This article is the third of a three-piece how to.

You can find the first part here and the second part here

To create alerts for our ELK setup, we can use different methods.

The one I will show you is based on ElastAlert from Yelp.

Let's install ElastAlert (no port is available, so I will install it manually in a virtualenv).

We need to be root (and use bash - for the virtualenv)

sudo su

Install py-virtualenv

portmaster devel/py-virtualenv

Create and use a virtualenv

virtualenv /usr/local/elastalert
source /usr/local/elastalert/bin/activate
mkdir -p /usr/local/elastalert/etc

Download and install the repo

mkdir /tmp/elastalert
cd /tmp/elastalert
git clone https://github.com/Yelp/elastalert.git
cd elastalert
python setup.py build
pip install setuptools --upgrade
python setup.py install
pip install -r requirements.txt
# the first time it will (probably) fail due to an error related to argparse
pip install -r requirements.txt

Create the elastalert config file in /usr/local/elastalert/etc/config.yml

rules_folder: /usr/local/elastalert/etc/rules

# The unit can be anything from weeks to seconds
run_every:
  minutes: 1

# ElastAlert will buffer results from the most recent
# period of time, in case some log sources are not in real time
buffer_time:
  minutes: 15
# The elasticsearch hostname for metadata writeback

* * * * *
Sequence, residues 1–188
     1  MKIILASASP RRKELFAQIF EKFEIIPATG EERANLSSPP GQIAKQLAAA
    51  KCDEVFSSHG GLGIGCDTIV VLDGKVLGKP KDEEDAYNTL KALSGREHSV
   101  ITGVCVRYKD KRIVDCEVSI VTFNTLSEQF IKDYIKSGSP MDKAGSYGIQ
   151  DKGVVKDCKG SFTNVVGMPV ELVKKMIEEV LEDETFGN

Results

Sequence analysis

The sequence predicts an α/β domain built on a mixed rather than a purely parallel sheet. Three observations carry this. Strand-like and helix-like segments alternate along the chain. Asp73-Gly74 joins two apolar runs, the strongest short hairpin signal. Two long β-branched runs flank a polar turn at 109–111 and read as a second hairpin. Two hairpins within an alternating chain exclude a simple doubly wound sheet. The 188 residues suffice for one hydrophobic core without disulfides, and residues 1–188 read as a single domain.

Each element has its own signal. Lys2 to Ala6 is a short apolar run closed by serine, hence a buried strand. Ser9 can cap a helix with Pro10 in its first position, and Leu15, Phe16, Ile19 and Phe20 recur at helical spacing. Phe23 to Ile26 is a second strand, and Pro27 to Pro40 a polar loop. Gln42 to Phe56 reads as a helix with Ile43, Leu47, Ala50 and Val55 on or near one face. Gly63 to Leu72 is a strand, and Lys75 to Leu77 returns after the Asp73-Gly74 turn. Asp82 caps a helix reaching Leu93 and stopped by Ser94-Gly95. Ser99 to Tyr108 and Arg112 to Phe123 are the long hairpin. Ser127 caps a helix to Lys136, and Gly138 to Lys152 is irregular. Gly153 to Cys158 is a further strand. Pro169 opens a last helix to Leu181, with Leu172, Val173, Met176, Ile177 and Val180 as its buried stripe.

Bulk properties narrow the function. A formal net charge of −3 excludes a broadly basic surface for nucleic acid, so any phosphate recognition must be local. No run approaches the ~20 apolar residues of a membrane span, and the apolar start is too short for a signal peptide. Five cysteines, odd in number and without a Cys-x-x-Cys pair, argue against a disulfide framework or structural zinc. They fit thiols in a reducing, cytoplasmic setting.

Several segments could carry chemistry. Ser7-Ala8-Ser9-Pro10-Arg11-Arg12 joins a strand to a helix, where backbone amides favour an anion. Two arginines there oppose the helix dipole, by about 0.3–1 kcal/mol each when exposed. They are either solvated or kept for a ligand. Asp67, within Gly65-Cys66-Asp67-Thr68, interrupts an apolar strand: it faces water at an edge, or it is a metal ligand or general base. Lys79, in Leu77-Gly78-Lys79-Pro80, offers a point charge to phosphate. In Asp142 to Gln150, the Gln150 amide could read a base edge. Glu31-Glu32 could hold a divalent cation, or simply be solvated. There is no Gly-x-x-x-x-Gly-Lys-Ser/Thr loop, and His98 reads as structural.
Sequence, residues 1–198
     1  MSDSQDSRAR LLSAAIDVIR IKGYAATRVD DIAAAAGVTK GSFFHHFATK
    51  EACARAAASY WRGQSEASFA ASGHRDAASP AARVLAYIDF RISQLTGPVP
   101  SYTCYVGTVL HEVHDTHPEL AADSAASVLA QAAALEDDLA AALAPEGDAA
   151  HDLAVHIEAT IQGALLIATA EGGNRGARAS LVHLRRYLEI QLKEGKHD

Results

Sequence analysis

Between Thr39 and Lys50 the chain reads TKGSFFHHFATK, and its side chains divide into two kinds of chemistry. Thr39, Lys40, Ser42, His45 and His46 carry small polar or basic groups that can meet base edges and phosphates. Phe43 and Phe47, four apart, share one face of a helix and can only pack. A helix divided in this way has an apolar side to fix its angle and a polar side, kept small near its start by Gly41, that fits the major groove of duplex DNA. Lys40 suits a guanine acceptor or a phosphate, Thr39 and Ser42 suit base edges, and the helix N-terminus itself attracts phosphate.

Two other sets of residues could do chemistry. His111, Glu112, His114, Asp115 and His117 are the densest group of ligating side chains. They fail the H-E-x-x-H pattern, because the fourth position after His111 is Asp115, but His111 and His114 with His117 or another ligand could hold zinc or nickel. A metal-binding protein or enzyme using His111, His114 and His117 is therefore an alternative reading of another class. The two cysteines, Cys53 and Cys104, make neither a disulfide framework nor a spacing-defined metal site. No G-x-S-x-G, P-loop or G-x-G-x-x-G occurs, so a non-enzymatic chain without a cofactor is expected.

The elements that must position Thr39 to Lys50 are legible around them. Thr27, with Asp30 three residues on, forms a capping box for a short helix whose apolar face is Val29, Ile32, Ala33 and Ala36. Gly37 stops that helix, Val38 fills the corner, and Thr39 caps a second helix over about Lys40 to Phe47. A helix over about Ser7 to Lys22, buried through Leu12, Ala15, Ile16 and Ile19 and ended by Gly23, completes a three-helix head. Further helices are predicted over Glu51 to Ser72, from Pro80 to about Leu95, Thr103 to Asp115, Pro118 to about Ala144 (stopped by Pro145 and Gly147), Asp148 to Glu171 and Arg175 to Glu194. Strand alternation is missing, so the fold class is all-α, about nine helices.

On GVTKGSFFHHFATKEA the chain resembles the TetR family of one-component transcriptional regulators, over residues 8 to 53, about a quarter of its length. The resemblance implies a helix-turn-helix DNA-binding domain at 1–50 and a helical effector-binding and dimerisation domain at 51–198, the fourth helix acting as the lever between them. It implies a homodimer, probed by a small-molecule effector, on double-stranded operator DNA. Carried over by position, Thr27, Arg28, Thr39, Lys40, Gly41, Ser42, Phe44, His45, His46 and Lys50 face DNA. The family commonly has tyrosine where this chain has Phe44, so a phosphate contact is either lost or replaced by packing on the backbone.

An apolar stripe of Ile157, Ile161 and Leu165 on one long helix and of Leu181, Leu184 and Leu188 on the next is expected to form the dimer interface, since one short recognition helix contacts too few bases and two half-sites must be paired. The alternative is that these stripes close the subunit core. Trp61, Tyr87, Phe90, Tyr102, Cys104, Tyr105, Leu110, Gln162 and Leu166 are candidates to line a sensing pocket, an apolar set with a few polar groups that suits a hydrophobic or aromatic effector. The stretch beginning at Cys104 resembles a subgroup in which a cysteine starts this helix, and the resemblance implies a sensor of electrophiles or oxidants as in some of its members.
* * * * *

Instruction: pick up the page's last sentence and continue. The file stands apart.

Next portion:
# Note that every rule can have it's own elasticsearch host
es_host: 127.0.0.1
# The elasticsearch port
es_port: 9100
# Optional URL prefix for elasticsearch
#es_url_prefix: elasticsearch
# Connect with SSL to elasticsearch
use_ssl: False

# The index on es_host which is used for metadata storage
# This can be a unmapped index, but it is recommended that you run

# elastalert-create-index to set a mapping
writeback_index: elastalert_status

# If an alert fails for some reason, ElastAlert will retry
# sending the alert until this time period has elapsed
alert_time_limit:
  days: 2

Create the rules directory

mkdir -p /usr/local/elastalert/etc/rules

Create an alert (frequency based) that will send an email if more than 9 events will happen in 1 hour with status: 404 and type: nginx

In /usr/local/elastalert/etc/rules/frequency_nginx_404.yaml

name: Large Number of 404 Responses
es_host: 127.0.0.1
es_port: 9100
index: logstash-*
filter:
  - term:
      - status: 404
  - term:
      - type: nginx
type: frequency
num_events: 10
timeframe:
  hours: 1
alert:
  - "email"
email:
- "spaghetti.with.meatballs@are.not.italian.at.all"

Create an index for metadata storage

(elastalert)[dave@elk /usr/local/elastalert]$ ./bin/elastalert-create-index
Enter elasticsearch host: 127.0.0.1
Enter elasticsearch port: 9100
Use SSL? t/f: f
Enter optional basic-auth username:
Enter optional basic-auth password:
Enter optional Elasticsearch URL prefix:
New index name? (Default elastalert_status)
Name of existing index to copy? (Default None)
New index elastalert_status created
Done!

Test our rule

(elastalert)[dave@elk /usr/local/elastalert]# ./bin/elastalert-test-rule etc/rules/frequency_nginx_404.yaml
[...]

Launch ElastAlert (in a tmux session, maybe?)

(elastalert)[dave@elk /usr/local/elastalert]$ ./bin/elastalert --config etc/config.yml --debug
INFO:elastalert:Starting up